Although Private Flood Insurance has been around for several years, it has spread rapidly since 2012. Due to the growing debt of the National Flood Insurance Program (NFIP); The Biggert-Waters Flood Insurance Reform Act of 2012 was put into place to essentially save the program by reducing premium subsidy over time. Although this reduction in subsidy was drastically needed, the premium effects were unprecedented. Homeowners used to paying $400-$600 found themselves with renewal bills in excess of $3,000 with little understanding why.
During these times there were a few Private Flood Insurance programs available through niche agencies that specialized in flood and property insurance. Due to amazing foresight, they were able to increase capacity for their program so that their product would be available to a greater audience. These pioneers helped to save folks hundreds, and sometimes thousands of dollars off of their NFIP renewal premiums without sacrificing coverage.
After a huge public outcry, the Homeowners Flood Insurance Affordability Act of 2014 was put into place to reduce the shock premium increases experienced by many. Although this slowed the process of increases, it did not stop them. The NFIP has continued to increase premiums, reduce subsidy, and increase policy fees across the Nation.
Private Flood Insurance differs from the NFIP in a few key ways.
- Private Flood Insurance is exactly as it sounds…Private. These policies are written by entities who are concerned with making an underwriting profit. This means that they strive to offer a competitive product, with efficient distribution channels, at prices that encourage you to purchase.
- Private Flood Insurance carriers can selectively underwrite. Unlike the NFIP, private carrier do not have to take every property. They make use of complex underwriting tools to take the properties that are within their risk tolerance. This means that you receive lower rates as your premiums will no longer be subsidizing the properties that have high losses with subsidized rates.
- Private Flood Insurance creates competition. As NFIP rates increase, more carriers will enter the private flood insurance marketplace. Carriers will compete for your premium dollars by adjusting rates and underwriting acceptability.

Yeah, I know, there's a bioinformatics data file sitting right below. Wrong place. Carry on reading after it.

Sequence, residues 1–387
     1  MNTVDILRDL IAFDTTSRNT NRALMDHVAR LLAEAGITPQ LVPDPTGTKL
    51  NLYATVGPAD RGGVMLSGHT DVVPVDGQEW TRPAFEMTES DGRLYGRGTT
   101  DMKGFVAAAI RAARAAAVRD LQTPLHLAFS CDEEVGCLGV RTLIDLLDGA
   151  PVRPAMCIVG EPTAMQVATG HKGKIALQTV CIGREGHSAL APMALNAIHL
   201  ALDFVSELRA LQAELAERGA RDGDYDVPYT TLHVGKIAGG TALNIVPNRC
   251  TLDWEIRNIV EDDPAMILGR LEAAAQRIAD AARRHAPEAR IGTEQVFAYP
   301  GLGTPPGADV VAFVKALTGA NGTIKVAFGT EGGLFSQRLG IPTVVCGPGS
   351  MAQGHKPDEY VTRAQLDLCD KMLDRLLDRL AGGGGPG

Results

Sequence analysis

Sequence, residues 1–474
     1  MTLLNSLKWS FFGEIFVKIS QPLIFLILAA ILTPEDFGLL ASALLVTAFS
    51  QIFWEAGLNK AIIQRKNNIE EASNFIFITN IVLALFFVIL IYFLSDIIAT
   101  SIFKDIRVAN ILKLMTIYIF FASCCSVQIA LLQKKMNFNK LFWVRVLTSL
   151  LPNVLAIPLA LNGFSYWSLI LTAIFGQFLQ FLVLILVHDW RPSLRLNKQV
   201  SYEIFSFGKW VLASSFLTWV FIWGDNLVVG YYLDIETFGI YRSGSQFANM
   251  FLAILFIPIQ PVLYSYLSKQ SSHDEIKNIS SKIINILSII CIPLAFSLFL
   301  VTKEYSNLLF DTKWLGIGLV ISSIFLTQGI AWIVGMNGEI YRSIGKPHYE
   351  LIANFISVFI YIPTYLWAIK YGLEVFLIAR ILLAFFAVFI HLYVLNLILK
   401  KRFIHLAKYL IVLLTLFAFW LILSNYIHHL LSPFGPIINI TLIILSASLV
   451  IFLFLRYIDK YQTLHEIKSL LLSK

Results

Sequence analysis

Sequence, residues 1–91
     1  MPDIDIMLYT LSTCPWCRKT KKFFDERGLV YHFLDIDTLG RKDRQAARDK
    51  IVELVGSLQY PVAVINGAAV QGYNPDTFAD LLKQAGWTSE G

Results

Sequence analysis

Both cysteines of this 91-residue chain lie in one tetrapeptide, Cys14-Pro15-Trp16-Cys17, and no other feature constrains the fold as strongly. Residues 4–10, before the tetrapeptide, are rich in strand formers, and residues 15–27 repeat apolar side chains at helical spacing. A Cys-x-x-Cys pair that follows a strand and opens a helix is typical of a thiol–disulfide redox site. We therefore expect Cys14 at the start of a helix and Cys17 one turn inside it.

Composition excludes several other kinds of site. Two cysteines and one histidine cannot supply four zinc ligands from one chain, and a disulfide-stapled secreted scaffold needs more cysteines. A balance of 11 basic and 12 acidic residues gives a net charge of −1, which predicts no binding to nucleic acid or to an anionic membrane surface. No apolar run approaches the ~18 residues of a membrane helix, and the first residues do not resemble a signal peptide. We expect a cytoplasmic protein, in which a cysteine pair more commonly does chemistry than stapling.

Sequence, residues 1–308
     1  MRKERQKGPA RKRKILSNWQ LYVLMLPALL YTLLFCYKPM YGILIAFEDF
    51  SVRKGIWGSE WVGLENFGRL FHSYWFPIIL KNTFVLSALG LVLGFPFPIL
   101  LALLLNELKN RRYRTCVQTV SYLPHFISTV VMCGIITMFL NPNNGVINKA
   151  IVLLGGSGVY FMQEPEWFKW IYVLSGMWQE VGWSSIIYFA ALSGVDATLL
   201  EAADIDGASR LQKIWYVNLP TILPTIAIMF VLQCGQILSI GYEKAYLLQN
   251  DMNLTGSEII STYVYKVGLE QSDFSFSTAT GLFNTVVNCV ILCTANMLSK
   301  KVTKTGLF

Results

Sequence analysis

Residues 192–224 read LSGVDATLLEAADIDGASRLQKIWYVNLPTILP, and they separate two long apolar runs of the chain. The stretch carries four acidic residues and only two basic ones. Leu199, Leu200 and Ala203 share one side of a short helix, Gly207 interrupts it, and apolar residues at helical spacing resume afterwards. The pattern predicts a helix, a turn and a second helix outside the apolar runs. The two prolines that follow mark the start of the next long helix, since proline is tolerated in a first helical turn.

The National Flood Insurance Program (NFIP) distributes their policies through “Write Your Own” carriers. This essentially means that an insurance carriers can privately label the NFIP policy so it looks like they are the carrier when in fact the are the servicing company. You may see your home insurance company’s name on the flood insurance declarations page, but chances are they are all the same policy from the NFIP.
At the moment, most private flood insurance is written through Lloyd’s of London syndicates although more carriers are entering the marketplace. Wright Flood Insurance who is known for their Write Your Own NFIP platform has recently partnered with 4 carriers who will offer private flood insurance.
What Are Private Flood Insurance Rates
Private Flood Insurance rates vary depending upon several factors. Some of the most important are; flood zone, elevation, foundation type, year of construction, and limit of insurance. There are a few items that can really help you to obtain the lowest private flood insurance rates possible.
- If you have an elevation certificate provide it. If you don; that’s ok, but some private flood carriers do require this.
- Provide accurate information about your property.
- Provide your agent with your current coverage limits if you have a policy in force.
Luckily private flood insurance quotes are easy to request. Only a few pieces of information are needed, and you can save hundreds, and sometimes thousands, of dollars.